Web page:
I really like the symptoms checker. A digital figure of a body (male or female, depending on what you selected originally) where you select the part of your body that is currently of concern. From there, a list of potential diagnoses come up. Unfortunately, this portion for the app rarely works for me. It says it cannot connect without an Internet connection, even though my phone is connected through the Internet and my data plan. Because of this, I can’t really vouch for the usefulness of this, but if I ever can get it to work, I think it would be kind of neat. As such, I typically select the “list” view, where a list of body parts comes up. It’s nice to be able to scroll through and see different illness and read more about them, including the symptoms. However, as I mentioned in my post about the Internet and hypochondriacs, I have spent far too much time browsing the symptoms. That’s not the apps fault though!

Under the conditions tab, there are a few options. First, My Conditions. Here, you can login to a WebMD account and save conditions you are currently diagnosed with, drugs being used, and first aid information. Then there is the top searches tab, which shows just that — the top searched conditions. And finally, there is an A-Z list of all conditions that have available information on WebMD.

Drugs and treatments has the options as My Conditions does, but there is an additional section called Pill ID. I think this is a pretty neat little feature. You can figure out what type of pill something is (like, maybe you have to take several different pills and you’ve put them into a pill box, only to forget later on which pill is which) by selecting the shape, color, or imprint. There are a lot of different shapes and colors to choose from, and the option is available to type in any letters or numbers on a pill.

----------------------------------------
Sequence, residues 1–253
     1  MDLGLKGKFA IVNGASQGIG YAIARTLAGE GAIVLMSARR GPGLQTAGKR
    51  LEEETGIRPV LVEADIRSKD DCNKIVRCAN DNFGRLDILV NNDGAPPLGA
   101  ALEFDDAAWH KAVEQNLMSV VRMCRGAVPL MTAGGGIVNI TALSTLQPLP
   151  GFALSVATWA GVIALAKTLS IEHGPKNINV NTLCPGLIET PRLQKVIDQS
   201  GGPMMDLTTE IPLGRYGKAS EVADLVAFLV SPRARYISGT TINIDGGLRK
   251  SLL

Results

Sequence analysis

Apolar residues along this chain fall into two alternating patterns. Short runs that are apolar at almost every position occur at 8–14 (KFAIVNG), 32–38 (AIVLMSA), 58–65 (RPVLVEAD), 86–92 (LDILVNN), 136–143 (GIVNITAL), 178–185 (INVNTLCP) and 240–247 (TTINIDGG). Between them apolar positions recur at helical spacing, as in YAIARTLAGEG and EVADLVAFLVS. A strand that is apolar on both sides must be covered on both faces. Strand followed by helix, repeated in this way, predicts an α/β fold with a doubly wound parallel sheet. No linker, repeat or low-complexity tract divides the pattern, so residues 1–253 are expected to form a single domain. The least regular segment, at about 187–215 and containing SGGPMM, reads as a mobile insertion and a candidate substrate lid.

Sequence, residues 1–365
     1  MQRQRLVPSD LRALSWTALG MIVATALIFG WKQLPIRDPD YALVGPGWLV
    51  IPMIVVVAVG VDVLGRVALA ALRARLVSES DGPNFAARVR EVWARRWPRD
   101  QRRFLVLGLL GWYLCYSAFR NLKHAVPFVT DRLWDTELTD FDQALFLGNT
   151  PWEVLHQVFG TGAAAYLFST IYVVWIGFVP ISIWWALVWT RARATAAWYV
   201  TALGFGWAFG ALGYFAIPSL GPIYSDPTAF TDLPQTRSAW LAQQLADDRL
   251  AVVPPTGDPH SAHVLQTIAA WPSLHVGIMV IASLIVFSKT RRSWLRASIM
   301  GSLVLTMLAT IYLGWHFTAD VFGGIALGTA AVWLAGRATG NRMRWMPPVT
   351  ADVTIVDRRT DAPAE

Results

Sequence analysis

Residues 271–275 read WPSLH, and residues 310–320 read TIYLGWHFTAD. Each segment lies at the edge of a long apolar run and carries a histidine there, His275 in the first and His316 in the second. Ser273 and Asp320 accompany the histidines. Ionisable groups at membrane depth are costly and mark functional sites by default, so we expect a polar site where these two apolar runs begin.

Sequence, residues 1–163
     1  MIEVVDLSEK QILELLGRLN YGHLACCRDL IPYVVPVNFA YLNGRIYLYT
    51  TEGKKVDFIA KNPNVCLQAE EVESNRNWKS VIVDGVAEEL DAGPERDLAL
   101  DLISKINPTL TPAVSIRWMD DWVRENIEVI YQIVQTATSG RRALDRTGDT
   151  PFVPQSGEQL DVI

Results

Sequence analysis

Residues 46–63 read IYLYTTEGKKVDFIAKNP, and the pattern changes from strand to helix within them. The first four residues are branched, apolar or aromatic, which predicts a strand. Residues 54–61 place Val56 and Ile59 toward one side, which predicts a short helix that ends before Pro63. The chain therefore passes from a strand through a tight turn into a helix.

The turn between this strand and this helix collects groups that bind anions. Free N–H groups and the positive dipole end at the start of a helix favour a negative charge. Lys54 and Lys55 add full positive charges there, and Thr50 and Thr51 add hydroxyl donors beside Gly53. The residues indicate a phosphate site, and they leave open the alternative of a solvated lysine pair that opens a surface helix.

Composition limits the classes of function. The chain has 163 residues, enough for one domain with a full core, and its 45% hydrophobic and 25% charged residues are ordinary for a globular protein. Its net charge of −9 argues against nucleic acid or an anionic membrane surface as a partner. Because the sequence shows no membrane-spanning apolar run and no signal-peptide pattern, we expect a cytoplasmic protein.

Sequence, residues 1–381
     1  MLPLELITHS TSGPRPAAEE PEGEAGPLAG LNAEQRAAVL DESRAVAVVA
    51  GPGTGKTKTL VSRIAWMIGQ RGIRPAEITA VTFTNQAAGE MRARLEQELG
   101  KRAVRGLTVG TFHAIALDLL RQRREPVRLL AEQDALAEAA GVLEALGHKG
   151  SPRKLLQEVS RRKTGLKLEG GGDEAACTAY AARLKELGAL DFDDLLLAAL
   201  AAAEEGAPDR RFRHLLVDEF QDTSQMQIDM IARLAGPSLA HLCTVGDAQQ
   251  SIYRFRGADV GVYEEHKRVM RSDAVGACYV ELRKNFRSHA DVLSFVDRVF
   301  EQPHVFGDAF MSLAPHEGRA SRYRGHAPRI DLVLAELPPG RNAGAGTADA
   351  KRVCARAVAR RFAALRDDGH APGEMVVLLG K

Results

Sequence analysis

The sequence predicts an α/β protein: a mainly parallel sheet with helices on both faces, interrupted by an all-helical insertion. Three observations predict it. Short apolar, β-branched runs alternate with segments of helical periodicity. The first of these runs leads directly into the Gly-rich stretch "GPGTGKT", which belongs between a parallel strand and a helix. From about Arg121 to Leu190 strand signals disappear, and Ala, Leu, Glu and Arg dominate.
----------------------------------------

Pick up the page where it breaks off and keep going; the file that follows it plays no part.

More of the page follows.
The First Aid section gives detailed information on how to treat various things, from asthma attacks to heart attacks to jellyfish stings. These are, of course, only supposed to be used as guidelines, and if there is a true emergency, it says to call 911 immediately. This is a great reference guide though, even if its an emergency, because I believe that its important to try and do something while waiting for medical assistance to arrive. I like this feature a lot.

Finally there is the local health listings. Here, you can search for a physician, pharmacy, or hospital near you. You must have a name or speciality in mind when selecting either of these, but from there, it will bring up a list of names, hospitals, or pharmacies nearby with all the necessary information (phone number, address, map, etc.). Having traveled a good amount in the past few months, and in some cases needed to find a pharmacy in an unfamiliar area, this would have been really helpful to have!

Overall, its a great app. I’d even go as far as saying its a necessary one for everyone to have on their phone. I think it is unfortunate that, beyond the first aid section, an Internet connection is required, but beyond that, I don’t have any complaints!

Download here for Apple devices

Download here for Android

June 27, 2012 I Written By

Katie Clark is originally from Colorado and currently lives in Utah with her husband and son. She writes primarily for Smart Phone Health Care, but contributes to several Health Care Scene blogs, including EMR Thoughts, EMR and EHR, and EMR and HIPAA. She enjoys learning about Health IT and mHealth, and finding ways to improve her own health along the way.

Another Migraine App Enters the Market

There’s a whole host of apps for migraines becoming available. After reviewing Migraine Meter, I was asked to review another migraine app. Over at EMRandHIPAA.com, John wrote about a start-up company called Ubiqi Health, which has both an online platform and app to help monitor and help with migraines. Since I wasn’t a big fan of Migraine Meter, I was excited to see how this one works. The website says:

We know that understanding and managing your migraines takes a lot of effort and can often feel like an uphill struggle. Ubiqi Health makes it easier for you with simple tools that can be used anywhere to track your progress and, ultimately, gain more control over your health.